Double buggies for newborn and toddler: A necessity or not?

When you’re planning for or expecting another baby, you’ll put a lot of thought into how a new addition might alter your existing family set-up. From planning where your new baby will sleep, and if they will have your toddler’s former cot or if it will still be in use, to how you will get out and about with two little nippers, there are a lot of logistics to sort. 

Do I need a double buggy?

This is one of the first things most parents wonder, and it can sometimes be difficult to know for certain. Sometimes it’s fairly clear-cut -- with a tiny age gap of 16 months, for example, buying a double buggy is a no-brainer as your eldest child may have only just taken her first steps and definitely still be very reliant on the pushchair.

If you have a different age gap, for example a newborn and a toddler of between 2 and 3 years old, you might wonder if you can manage without a double pram. This really depends on your circumstances, and we cover some common scenarios for using a double buggy below, together with some alternative options for managing without. 

Will I need a double buggy for a newborn and toddler?

Before you buy a double buggy, you want to feel confident you’ll get plenty of use from your investment. Asking yourself the following can help:

  • What age will my eldest be when my new baby arrives?

If your older child will be around 3, it might be possible to find an alternative to a double buggy. However, it can be tricky to know for sure as, if your new arrival isn’t due for 6 months, you can’t be confident how much walking your tot will be doing by then! It’s wisest, therefore, to consider lifestyle factors, in addition to the age of your toddler.

  • How much walking do I do currently?

If you enjoy long walks with your little one in a pushchair, a double buggy is probably worth investing in, as 2 and 3 year olds only have little legs. They can’t walk far and they can’t walk fast, so if you usually walk a mile or two and plan to continue this, it will be tricky without a double pushchair.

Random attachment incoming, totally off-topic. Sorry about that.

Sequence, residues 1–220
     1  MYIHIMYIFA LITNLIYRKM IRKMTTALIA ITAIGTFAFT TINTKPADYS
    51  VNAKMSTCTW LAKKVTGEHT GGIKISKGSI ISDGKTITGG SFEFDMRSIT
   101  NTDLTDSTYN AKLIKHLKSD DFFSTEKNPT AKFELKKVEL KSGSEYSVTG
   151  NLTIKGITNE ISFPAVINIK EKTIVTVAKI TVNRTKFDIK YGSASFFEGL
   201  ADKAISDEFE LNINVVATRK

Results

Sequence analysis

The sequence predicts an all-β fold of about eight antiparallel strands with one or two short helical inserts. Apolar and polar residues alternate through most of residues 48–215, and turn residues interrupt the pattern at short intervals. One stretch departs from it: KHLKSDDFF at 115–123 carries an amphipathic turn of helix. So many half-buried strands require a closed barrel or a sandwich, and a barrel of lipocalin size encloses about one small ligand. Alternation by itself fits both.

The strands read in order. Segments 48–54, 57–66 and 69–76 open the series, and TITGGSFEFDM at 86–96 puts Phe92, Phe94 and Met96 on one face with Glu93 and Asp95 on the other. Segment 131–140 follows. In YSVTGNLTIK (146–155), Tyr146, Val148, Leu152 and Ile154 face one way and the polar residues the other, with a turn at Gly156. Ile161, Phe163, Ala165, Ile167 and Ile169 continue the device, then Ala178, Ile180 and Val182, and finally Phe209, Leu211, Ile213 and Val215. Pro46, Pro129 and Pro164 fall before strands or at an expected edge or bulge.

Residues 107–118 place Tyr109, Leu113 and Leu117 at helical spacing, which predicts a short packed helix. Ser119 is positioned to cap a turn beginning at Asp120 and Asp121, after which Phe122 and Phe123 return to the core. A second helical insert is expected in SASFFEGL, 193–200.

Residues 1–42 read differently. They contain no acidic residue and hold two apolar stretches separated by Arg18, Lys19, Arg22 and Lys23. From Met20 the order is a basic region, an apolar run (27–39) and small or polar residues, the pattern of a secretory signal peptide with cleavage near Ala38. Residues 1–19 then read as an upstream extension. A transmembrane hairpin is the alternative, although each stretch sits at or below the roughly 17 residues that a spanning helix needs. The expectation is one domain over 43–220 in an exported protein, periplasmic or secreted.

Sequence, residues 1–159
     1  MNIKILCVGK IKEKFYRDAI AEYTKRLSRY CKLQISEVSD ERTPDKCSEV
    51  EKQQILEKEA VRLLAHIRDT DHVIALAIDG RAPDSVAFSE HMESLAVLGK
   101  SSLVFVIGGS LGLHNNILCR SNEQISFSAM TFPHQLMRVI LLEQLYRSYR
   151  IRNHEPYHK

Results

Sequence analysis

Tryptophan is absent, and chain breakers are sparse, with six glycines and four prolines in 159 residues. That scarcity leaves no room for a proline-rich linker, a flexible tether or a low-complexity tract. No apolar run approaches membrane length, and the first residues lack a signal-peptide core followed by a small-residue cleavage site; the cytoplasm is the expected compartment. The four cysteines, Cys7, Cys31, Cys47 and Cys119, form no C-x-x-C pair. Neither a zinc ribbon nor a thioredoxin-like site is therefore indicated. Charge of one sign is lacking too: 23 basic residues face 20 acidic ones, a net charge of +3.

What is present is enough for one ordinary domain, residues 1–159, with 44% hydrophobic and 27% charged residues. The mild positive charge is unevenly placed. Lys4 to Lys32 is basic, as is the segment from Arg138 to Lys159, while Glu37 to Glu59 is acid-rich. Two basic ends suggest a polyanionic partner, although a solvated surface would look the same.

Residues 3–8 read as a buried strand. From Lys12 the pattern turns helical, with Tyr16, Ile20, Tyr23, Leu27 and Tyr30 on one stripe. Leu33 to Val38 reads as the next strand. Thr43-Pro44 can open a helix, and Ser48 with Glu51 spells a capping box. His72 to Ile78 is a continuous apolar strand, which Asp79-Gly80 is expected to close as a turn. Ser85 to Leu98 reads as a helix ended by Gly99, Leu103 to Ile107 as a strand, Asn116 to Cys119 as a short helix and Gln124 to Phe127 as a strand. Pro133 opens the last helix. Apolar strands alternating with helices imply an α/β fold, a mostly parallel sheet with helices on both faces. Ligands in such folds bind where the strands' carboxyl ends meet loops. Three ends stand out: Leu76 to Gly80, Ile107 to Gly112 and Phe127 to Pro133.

What’s more, if you plan for your new baby to take some naps in the pushchair, it can be tough to make this happen if your toddler is stopping every 30 seconds to inspect a leaf, watch a bus or sit on the floor just because!

If, however, you mainly drive or use public transport when out, you may find life easier without a double buggy. They’re naturally a lot bigger, so harder to weave on and off buses and fit in boots. If you tend to drive places and then just have short walks from there, your youngest can be in a single pushchair and your eldest can probably manage to walk or use a buggy board.

  • Are my local roads busy?

This is worth thinking about from a safety point of view. Even if you think your toddler can reliably walk a certain distance, if you have a lively little one who occasionally bolts off, a double buggy can be a good choice to keep her safe and stop your heart from leaping into your mouth every 30 seconds! This is especially true near busy roads or if you live in an area with narrow pavements making it trickier to keep your toddler walking safely with you holding on to the pram.

  • Will my toddler still be napping?

Some toddlers nap until well into their third year whereas some have stopped by aged 2. Unfortunately, you won’t know for sure which end of the scale your toddler will be at by the time her sibling arrives, but it’s worth considering a double if she currently naps on the go a lot. Even toddlers who have largely stopped napping will often still have a sneaky sleep in the pushchair or car for months following, so if you’re planning lots of longer trips out, a double buggy might be the way to go.

What options are there besides buying a double buggy?

Fortunately, there’s lots of choice for transporting your two nippers, once you decide on what best fits your needs. Here are some alternatives to using a double buggy:

Buggy boards

Most single pushchairs are compatible with a toddler ride on board or buggy board, making navigating two children on short journeys simple and easy. They don’t work so well if your toddler wants a nap, but are perfect for shorter trips out and about.

Using a baby carrier

Slings or baby carriers are a popular choice for many, including those with just one baby. If you opted for this combo, your newborn would be positioned in the sling or carrier and your toddler in the single pushchair. It can be tricky to do some things in a sling, such as lift your toddler if she needs help on the climbing frame, but the upside is they leave your hands free and lots of babies sleep really well in them because they’re so cocooned. 

Converting your single pushchair to a double

Depending on your make of pushchair, it may be possible to convert it into a double. This saves you paying out for a whole new pushchair, and also usually means you can have part of the pushchair with a carrycot or car seat for your newborn, and the other part with the seat unit for your toddler. This handy guide gives the lowdown on converting a single pushchair to a double.

If you’d like to look at the different options available for journeying with your little ones, we offer unpressured, expert advice online, in our stores or over the telephone. Just contact us here or on 01159 305772 with any questions and we’ll be happy to help.